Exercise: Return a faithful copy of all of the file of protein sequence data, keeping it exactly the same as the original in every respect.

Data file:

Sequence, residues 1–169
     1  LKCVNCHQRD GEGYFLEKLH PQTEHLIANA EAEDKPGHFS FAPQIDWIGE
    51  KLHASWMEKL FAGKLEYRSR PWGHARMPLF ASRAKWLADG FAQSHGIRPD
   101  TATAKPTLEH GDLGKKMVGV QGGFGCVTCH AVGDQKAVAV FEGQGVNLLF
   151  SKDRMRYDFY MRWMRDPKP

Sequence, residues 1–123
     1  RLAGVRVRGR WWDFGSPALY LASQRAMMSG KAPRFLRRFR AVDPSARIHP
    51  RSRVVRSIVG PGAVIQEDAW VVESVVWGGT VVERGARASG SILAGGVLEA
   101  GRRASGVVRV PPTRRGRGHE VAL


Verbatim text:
Sequence, residues 1–169
     1  LKCVNCHQRD GEGYFLEKLH PQTEHLIANA EAEDKPGHFS FAPQIDWIGE
    51  KLHASWMEKL FAGKLEYRSR PWGHARMPLF ASRAKWLADG FAQSHGIRPD
   101  TATAKPTLEH GDLGKKMVGV QGGFGCVTCH AVGDQKAVAV FEGQGVNLLF
   151  SKDRMRYDFY MRWMRDPKP

Sequence, residues 1–123
     1  RLAGVRVRGR WWDFGSPALY LASQRAMMSG KAPRFLRRFR AVDPSARIHP
    51  RSRVVRSIVG PGAVIQEDAW VVESVVWGGT VVERGARASG SILAGGVLEA
   101  GRRASGVVRV PPTRRGRGHE VAL